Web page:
The wait is finally over as a “re-imagined” House of Dun near Montrose once more opens its doors to visitors.
Not only has the historic National Trust for Scotland mansion had extra features added inside, its grounds are now the new home of the Angus Folk Museum.
Major work was undertaken earlier this year to transform underused space in the house’s courtyard area into a permanent base for the museum. It was forced to close in 2014 due to rising repair costs.
Now, around 400 items are on display, telling the story of 200 years of rural life in Angus. These were chosen from a vast collection amassed by Lady Maitland of Burnside in the first half of the 20th Century.
The aim of the £714,000 project was to create a heritage park. This now consists of the Georgian mansion, picturesque Victorian gardens, a 793-acre estate and the new permanent museum.
The reopening coincides with National Trust for Scotland’s 90th anniversary.
New cafes and shops
Inside the main house, visitors can take specially-created tours led by costumed guides who play the roles of three former residents of the mansion. In addition there are new audio installations throughout.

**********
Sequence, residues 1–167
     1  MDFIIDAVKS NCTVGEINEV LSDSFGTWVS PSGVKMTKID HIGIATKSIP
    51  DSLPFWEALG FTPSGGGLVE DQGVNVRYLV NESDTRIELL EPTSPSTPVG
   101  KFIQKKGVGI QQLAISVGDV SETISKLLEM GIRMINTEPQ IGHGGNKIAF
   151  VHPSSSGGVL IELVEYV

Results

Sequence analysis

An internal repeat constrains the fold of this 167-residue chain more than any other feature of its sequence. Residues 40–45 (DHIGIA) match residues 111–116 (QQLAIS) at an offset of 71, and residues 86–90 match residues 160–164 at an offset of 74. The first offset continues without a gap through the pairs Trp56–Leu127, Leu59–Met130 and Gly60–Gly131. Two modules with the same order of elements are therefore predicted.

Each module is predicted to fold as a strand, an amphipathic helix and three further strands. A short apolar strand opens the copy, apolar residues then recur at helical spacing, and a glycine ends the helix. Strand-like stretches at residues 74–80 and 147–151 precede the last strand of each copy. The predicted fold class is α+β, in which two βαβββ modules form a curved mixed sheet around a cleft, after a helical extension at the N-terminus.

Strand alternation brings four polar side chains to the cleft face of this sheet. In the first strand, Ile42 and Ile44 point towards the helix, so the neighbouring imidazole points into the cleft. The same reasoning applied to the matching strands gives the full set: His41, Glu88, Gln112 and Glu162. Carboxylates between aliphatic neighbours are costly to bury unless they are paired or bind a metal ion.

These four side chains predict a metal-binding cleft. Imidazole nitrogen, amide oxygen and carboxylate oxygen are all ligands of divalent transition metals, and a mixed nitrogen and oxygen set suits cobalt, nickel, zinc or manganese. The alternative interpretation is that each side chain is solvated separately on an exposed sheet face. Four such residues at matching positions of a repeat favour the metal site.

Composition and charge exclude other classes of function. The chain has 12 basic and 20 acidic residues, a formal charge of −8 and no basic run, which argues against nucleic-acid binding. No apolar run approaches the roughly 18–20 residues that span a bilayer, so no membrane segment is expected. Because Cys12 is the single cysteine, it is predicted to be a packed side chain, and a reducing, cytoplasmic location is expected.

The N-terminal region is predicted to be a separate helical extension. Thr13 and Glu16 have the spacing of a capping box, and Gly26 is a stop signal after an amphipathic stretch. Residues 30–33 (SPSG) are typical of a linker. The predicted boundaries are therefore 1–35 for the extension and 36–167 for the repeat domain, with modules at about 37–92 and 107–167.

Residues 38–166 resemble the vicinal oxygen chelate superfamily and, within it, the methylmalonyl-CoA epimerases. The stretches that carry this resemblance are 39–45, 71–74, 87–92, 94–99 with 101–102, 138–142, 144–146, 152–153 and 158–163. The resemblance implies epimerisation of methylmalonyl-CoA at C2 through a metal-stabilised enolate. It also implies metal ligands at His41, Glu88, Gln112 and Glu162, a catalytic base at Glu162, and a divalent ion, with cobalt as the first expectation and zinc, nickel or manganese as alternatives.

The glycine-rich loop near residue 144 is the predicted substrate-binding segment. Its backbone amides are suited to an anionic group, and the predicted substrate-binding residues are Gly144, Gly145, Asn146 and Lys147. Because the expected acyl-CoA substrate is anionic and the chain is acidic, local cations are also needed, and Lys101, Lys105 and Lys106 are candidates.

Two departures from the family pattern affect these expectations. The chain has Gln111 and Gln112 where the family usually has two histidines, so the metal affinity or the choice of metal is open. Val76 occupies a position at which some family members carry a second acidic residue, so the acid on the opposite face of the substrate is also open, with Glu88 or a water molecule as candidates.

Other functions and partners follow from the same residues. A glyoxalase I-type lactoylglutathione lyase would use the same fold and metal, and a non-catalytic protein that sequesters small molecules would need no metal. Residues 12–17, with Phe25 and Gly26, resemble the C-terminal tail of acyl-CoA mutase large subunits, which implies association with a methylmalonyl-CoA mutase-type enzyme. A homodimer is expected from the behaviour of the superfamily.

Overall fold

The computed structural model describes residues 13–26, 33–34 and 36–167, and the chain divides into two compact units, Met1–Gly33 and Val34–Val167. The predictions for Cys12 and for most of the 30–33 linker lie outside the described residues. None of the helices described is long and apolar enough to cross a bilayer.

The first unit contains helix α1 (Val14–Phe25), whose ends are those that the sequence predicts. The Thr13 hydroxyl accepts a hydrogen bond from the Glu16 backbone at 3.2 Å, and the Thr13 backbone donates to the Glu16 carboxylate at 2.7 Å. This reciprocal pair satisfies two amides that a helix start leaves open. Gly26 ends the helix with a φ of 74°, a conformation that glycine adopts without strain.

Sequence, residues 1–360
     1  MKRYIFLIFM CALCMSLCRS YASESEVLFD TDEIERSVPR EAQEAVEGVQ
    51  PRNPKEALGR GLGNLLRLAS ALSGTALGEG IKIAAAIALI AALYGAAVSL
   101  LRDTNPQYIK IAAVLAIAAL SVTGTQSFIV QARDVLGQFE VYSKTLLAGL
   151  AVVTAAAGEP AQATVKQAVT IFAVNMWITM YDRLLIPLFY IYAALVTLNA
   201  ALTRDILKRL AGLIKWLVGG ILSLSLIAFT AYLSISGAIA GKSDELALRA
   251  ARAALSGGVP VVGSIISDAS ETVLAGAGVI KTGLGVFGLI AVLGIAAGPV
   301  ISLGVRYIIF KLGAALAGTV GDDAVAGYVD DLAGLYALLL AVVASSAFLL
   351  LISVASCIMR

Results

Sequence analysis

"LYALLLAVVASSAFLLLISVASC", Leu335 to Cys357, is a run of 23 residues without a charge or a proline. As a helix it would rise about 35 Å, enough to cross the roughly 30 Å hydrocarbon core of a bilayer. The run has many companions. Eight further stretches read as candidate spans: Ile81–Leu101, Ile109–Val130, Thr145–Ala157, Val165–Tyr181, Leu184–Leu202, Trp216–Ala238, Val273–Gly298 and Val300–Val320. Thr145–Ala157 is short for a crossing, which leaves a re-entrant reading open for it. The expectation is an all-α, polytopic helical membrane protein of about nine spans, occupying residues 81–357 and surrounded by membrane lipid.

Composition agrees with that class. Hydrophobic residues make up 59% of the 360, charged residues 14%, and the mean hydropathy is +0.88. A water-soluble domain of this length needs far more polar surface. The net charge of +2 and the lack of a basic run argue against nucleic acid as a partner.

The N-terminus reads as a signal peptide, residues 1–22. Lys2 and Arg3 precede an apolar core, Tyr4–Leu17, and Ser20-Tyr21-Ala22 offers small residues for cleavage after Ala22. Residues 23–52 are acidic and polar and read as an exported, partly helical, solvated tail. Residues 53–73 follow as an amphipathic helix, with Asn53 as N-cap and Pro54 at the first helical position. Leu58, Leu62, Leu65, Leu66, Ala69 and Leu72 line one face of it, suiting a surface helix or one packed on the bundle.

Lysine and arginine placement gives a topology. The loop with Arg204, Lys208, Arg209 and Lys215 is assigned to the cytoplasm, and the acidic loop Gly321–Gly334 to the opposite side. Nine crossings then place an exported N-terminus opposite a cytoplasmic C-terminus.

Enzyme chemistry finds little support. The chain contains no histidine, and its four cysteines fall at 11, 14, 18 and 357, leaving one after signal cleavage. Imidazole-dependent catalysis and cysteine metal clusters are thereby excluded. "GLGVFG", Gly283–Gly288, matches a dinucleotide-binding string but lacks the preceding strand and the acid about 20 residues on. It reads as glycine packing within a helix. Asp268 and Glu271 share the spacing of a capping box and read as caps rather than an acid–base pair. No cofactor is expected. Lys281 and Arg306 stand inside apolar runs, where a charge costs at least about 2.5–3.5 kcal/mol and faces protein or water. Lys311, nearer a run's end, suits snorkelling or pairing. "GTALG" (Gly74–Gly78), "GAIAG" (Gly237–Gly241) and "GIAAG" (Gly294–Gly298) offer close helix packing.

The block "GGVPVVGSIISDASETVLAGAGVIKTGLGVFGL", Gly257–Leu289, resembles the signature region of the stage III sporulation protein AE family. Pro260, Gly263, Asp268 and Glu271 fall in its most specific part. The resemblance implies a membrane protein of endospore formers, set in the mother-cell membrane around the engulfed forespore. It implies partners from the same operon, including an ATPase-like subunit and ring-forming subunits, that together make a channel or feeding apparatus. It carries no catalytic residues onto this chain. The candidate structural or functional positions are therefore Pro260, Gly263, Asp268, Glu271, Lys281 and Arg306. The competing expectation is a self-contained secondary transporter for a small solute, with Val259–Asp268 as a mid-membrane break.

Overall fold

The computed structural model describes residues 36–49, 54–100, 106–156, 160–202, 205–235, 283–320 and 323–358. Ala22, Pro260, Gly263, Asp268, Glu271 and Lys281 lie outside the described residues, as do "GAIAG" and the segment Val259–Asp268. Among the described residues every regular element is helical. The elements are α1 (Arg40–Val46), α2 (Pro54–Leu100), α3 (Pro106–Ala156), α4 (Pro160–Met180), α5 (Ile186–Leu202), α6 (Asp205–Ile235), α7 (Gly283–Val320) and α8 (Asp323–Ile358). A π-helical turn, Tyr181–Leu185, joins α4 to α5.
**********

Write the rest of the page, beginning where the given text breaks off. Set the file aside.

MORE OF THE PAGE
Elsewhere in the property, visitors can enjoy new cafes and shops, including pop-up spaces for local artisan producers.
New maps and signage provide information on beautiful walks around the estate. There is also a play park.
‘Fascinated by House of Dun’
Iain Hawkins, the National Trust for Scotland general manager for the North East says: “I grew up in Montrose and have always been fascinated by House of Dun. It’s very much a property that is tied to the landscape. And it’s that multi-layered tale that we’re telling in its new form.
“We’re making this a true destination property for the east of the country, with something different to love on each visit. As we all embrace our new post-lockdown freedom we need places like House of Dun even more. A place that we can connect with history and nature and share our love of Scotland’s rich heritage.”
House of Dun was designed by renowned Scottish architect William Adam for wealthy lawyer David Erskine (the 13th Laird of Dun). Completed in 1743, it was bequeathed to the National Trust for Scotland in 1980. Find out more here.